“The massed ships were hit with 150-knot gales and waves towering up to 100 feet. Cruisers capsized, their rudders torn loose. Overladen troop ships, unable to navigate, collided and sank. Destroyers and corvettes were driven far off their attack course. The enemy fleet scattered.
“But hurricanes were only one weapon in the arsenal of our weather service. Planes loaded with dry ice struck at the airfields captured by the enemy in our overseas bases. Heavy seeding of cloud formations over the fields produced torrents of rain that turned landing strips into quagmires and kept enemy air fleets grounded.
“Along America’s east coast, at Miami, Norfolk, New York and Boston, the weather service’s huge, mobile wave-making machines went into action, backed up by wind tunnels generating 2,000-mph gales. The ships of the enemy’s northern invasion fleet reached the coast to find themselves faced by raging seas and winds that made water-borne or air-borne landings impossible.
“While these defensive weather measures were being taken, German- and English-based weather planes raced aloft to utilize weather as a weapon of attack. Balloons carrying packets of silver iodide crystals were released into the everflowing jet stream which pours eastward across Europe at more than 100 mph, eight miles up.
“As the packets dissolved at varying distances, the crystals spilled out and enough of them seeded rain-swollen clouds to dump torrential downpours on the enemy’s industrial centers. The seeding was further aided by ground generators that pumped crystal-laden fog and smoke into winds prevailing toward the enemy’s homeland.
“There was no let-up in this war-by-weather. The enemy’s farm areas were saturated with thermite bombs, prolonging the seasonal drought, causing low- pressure areas which brought hot winds fanning up from the southern deserts. Drought parched the enemy’s crops; floods swept away his railroads; rains swamped his airfields and factories; mud bogged his roads and highways; hurricanes crushed his fleets; typhoons ravaged his coast; tornadoes crisscrossed his farmlands.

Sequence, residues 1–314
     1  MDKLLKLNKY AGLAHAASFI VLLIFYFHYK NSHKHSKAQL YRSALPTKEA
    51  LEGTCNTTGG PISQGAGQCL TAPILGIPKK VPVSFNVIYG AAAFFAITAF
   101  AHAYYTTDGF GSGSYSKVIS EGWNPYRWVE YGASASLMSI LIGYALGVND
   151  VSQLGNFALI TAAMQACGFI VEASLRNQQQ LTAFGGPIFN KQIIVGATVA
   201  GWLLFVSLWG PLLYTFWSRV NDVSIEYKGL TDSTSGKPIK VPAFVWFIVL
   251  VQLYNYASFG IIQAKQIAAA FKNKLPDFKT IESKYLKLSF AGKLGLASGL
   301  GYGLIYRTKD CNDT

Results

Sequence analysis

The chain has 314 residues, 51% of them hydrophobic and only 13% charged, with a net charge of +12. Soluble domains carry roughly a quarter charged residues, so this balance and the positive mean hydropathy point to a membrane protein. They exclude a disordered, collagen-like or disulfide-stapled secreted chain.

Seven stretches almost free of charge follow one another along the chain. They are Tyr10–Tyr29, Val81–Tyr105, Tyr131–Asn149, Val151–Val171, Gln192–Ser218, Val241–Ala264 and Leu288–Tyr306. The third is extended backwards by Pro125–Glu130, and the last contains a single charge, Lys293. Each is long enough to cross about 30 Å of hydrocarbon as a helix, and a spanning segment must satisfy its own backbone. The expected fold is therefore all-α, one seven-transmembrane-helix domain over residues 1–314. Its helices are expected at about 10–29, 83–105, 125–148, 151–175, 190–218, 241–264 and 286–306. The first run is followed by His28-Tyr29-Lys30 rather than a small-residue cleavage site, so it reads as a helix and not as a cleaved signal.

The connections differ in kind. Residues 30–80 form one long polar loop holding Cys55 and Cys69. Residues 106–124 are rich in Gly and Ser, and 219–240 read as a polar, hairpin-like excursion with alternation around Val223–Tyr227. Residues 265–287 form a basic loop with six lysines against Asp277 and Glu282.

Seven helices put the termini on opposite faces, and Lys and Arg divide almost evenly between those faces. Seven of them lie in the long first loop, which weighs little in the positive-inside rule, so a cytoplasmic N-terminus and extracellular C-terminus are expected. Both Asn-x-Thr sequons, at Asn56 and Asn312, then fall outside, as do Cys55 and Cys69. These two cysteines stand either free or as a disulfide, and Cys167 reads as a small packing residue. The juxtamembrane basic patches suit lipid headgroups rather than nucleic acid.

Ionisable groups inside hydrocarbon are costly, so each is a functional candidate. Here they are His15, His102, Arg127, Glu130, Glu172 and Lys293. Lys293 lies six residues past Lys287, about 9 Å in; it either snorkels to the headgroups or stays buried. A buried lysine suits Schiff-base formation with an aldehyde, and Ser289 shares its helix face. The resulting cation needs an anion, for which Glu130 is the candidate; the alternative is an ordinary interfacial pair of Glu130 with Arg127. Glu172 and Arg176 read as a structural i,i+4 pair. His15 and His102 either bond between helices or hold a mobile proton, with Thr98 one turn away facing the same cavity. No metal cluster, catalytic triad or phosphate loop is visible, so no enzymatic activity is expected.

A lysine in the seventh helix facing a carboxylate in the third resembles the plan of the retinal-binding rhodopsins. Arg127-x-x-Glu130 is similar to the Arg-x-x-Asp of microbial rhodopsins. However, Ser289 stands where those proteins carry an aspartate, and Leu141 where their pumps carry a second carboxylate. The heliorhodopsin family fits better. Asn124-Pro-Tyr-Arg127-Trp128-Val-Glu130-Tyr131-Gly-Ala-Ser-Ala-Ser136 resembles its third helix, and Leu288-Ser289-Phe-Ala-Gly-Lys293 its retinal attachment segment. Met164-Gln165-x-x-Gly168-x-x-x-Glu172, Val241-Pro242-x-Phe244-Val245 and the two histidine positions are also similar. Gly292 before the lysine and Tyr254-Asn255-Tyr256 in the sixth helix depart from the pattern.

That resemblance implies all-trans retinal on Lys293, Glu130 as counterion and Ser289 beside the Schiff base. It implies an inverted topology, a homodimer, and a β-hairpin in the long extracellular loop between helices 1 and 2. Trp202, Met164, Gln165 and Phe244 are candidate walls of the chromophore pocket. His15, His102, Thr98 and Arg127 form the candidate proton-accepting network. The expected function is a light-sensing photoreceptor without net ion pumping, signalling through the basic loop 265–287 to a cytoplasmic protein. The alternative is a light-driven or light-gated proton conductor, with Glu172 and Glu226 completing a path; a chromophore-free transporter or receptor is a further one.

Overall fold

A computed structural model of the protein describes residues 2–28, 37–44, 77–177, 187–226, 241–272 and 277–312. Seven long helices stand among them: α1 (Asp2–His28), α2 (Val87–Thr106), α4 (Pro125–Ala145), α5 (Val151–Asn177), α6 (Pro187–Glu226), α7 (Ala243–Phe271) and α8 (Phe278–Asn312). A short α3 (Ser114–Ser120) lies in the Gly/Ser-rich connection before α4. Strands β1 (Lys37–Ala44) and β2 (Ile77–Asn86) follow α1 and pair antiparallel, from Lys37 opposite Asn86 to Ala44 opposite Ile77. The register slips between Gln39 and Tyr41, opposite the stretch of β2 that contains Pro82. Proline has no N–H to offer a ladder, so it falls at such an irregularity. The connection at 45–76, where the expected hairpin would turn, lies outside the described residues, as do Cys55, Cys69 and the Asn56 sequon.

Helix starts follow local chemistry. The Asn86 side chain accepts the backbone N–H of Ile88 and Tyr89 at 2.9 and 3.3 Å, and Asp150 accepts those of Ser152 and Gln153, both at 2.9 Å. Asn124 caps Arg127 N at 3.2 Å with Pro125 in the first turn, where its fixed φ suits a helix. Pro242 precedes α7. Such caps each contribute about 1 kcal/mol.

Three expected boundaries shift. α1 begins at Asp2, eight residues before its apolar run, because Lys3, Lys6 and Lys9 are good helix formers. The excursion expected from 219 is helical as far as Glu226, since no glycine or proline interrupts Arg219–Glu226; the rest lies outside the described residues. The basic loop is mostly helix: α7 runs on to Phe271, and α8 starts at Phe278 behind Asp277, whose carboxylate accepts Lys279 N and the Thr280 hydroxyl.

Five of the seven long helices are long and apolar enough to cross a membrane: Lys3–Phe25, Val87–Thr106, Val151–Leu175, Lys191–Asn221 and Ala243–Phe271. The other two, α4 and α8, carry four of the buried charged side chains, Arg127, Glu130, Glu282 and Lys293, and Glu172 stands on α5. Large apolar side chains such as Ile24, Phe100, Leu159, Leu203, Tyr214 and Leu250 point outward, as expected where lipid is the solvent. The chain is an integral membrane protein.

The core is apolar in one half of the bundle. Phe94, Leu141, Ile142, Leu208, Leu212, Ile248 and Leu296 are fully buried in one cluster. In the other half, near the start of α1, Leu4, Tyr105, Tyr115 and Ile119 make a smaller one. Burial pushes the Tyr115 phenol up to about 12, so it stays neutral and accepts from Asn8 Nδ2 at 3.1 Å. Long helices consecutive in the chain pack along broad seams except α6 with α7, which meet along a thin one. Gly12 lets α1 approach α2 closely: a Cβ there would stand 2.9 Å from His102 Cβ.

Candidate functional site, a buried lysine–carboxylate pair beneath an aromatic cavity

“Unable to withstand this terrible destruction that seemed more the work of a vengeful Deity than a weapon in the hands of man, the enemy sued for peace and World War III came to a quick end.”
However fantastic this war report may sound, it contains nothing that is not already “in the works!” Man has always tried to control the weather, from primitive drum-beaters to jet-borne cloud-seeders. Today, cloud-seeding with dry ice and silver iodide crystals are the approved rain-making techniques, although there have been rumors of successful electronic methods. In Project Cirrus, a joint Army-Navy test of rain-making techniques, generators burning coke impregnated with silver iodide shot smoke into the air which seeded thousands of miles of cloud in a few hours, with startling, rain-producing results.
According to Ferguson Hall, leading rain-making authority of the U. S. Weather Bureau, it would take a score of planes carrying 500,000 pounds of dry ice to seed a 100-square-mile area. With such an amount, he says, “We might even break up a lightning storm or kill a tornado or hurricane.”